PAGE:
We let the cartels investigate themselves

A Fresh Air interview with a Pro Publica journalist that told me a whole lot of things I didn’t know, all of them bad.

This is FRESH AIR. I’m Terry Gross. In an era of mass incarceration, why was only one top banker convicted after the financial collapse of 2008? My guest Jesse Eisinger tries to answer that question in his new book.

It’s titled The Chickenshit Club, which Gross couldn’t say on the air because while we fail to prosecute bankers who ruin the lives of millions of people, we’re very strict about saying “shit” on the radio.

The source is, oddly enough, Jim Comey.

But it actually comes from a speech. Now, you may know and your listeners may know Jim Comey from being recently fired by Donald Trump as FBI director. Before that, back in 2002, he became the U.S. attorney for the Southern District of New York, a role later held by Preet Bharara…

GROSS: Also fired by President Trump.

EISINGER: Also fired – the twofer there. And Comey comes in, and he’s replacing a legend in the office, Mary Jo White, who served as Obama’s SEC head. And he gathered all the hotshots from the Southern District. And the Southern District is the premier office of the Department of Justice. They are 94 offices around the country, U.S. attorneys from all over in every state. And the Department of Justice and – main justice is one of the prestigious units and then the prestige unit for corporate investigations and Wall Street and financial investigations is the Southern District.

And these guys really are the hottest shots, the best of the best of the best. And you know, if you have any doubts about them, you just have to ask them, and they will tell you how good they are. And they think of themselves as the best trial lawyers. And Comey gathers them all together and asks them, how many of you have never lost a case, never had an acquittal or a hung jury? And a bunch of hands shoot up. They’re very proud of their undefeated records. And he says, well, me and my buddies have a name for you guys. You guys are the chicken-[shit] club. And the hands go back down very fast.

And what was he trying to say there? Well, he was trying to say – and he goes on to explain that the prosecutor’s job – federal prosecutor’s job is not to win – like, win at all costs and preserve an undefeated record. What they’re doing is something more important. They are seeking justice. And to seek justice and ensure justice in this country, you have to take on ambitious cases. You have to raise your sights and look at the most significant wrongdoers in society and focus on them. And you can’t be afraid of losing and avoid those difficult cases if justice calls for taking on the powerful interests.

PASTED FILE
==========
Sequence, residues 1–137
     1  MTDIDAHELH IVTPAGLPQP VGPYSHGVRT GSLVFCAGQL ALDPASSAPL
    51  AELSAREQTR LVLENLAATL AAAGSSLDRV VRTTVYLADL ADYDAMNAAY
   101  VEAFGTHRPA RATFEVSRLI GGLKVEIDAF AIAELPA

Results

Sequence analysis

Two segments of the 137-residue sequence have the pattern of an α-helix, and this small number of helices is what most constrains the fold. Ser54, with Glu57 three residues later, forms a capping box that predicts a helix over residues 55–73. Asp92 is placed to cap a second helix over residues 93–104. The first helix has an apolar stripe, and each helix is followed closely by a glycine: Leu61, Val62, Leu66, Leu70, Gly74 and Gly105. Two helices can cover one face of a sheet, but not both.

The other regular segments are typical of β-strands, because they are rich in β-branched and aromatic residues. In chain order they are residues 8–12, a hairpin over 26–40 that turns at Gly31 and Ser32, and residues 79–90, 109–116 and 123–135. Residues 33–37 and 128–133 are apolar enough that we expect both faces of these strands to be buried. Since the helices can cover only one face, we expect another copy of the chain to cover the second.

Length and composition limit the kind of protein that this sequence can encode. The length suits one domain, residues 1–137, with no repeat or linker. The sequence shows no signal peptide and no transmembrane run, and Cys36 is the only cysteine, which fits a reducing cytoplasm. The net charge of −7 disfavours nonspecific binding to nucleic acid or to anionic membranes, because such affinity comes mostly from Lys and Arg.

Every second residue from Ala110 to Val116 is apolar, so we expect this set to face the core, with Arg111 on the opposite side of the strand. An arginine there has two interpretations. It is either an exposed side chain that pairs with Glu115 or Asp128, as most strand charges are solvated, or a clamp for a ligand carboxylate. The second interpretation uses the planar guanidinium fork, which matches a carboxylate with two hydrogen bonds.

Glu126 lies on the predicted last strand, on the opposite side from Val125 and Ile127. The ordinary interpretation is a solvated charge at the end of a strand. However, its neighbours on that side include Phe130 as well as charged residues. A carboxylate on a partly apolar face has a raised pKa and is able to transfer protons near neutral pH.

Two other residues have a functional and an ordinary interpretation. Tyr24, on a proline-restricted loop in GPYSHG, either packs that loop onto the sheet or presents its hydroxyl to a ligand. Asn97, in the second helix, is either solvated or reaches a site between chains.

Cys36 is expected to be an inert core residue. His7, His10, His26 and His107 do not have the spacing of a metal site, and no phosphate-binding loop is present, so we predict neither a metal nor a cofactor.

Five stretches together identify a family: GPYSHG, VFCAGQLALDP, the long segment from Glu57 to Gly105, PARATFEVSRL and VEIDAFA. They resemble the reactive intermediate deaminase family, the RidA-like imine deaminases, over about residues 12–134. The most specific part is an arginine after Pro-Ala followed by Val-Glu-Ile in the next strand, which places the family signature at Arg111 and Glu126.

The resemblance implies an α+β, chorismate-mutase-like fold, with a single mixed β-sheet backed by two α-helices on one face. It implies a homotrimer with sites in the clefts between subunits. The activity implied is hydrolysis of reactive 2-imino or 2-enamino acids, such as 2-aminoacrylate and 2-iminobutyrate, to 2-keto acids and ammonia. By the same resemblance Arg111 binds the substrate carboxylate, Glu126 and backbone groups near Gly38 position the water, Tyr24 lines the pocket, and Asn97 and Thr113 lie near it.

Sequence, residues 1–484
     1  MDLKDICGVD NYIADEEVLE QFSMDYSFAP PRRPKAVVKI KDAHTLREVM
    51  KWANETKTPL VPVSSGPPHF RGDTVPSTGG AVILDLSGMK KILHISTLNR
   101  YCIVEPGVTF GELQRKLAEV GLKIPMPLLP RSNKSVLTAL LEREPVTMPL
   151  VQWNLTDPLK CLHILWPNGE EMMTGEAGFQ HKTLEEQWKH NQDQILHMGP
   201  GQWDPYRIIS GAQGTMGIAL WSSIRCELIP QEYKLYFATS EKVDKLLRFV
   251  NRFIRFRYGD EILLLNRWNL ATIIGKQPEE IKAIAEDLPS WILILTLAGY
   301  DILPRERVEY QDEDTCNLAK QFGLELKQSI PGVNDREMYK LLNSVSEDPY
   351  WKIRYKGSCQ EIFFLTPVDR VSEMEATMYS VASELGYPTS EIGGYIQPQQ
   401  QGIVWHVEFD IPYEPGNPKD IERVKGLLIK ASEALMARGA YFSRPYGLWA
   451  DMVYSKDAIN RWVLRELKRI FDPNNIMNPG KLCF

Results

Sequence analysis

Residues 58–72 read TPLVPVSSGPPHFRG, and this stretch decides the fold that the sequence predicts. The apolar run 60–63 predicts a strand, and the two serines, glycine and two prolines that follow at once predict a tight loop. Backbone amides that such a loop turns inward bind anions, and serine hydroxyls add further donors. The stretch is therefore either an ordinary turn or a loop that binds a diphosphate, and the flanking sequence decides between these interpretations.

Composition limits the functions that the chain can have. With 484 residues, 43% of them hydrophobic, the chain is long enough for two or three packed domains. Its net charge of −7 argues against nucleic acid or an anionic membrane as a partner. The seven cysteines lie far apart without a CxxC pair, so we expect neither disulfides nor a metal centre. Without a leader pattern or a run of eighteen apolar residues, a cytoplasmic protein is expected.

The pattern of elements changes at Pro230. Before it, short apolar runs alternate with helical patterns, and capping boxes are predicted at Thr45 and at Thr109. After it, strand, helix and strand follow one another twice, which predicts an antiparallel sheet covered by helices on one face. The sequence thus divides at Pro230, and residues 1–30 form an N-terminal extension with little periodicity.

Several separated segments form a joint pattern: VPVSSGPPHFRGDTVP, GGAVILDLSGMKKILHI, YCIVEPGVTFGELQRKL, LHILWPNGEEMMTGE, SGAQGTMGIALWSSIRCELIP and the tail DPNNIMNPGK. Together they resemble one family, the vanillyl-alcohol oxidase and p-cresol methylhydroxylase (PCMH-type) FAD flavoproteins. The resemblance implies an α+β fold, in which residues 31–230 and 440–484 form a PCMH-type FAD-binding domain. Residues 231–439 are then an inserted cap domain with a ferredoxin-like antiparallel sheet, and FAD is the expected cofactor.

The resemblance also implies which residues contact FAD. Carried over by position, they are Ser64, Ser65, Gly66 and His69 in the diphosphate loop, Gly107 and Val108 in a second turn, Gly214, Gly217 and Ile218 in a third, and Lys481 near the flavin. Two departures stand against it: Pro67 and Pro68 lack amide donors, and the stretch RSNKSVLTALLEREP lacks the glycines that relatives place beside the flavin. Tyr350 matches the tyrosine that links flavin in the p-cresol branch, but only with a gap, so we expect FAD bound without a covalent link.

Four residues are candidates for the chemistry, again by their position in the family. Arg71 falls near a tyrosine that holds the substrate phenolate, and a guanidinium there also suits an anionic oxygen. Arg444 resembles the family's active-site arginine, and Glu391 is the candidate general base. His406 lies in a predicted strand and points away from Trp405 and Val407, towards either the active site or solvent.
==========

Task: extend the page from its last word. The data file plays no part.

How’s that for depressing? If Comey’s right they were avoiding the important cases because they were more interested in never losing. Oy.

GROSS: You write about how the Enron case was a turning point in how the Justice Department prosecutes these kinds of financial crimes, corporate crimes. So the Enron case seems to have been very successful. I mean executives of Enron went to jail. The accounting company that handled Enron was found guilty of crimes as well. Arthur Andersen is the name of the company. It was one of the big five accounting companies. So sum up for us some of the prosecutorial successes in the Enron case without getting too deep into the details of the case itself.

EISINGER: Sure. Well, the Enron case is the high watermark. And what I argue is that, you know, there’s never been a golden age where the rich and powerful who did something wrong really had to fear for their safety and were guaranteed to go to prison, but there have been silver ages. And the last high watermark was in the post-Nasdaq bubble-bursting era where we – the government prosecuted a number of companies and the individuals at all these companies, including Adelphia and WorldCom and Global Crossing and Tyco and Enron. Enron was the marquee fraud of that era 15 years ago.

And what the government did was something very different from what it did in the financial crisis. They assigned a task force. They brought individual prosecutors from around the country and FBI agents and assigned them just to the task force to prosecute this company. And if you remember, Enron was very close to the Bush administration, and yet the – his Department of Justice, to its credit, prosecuted without fear or favor. And they worked for years.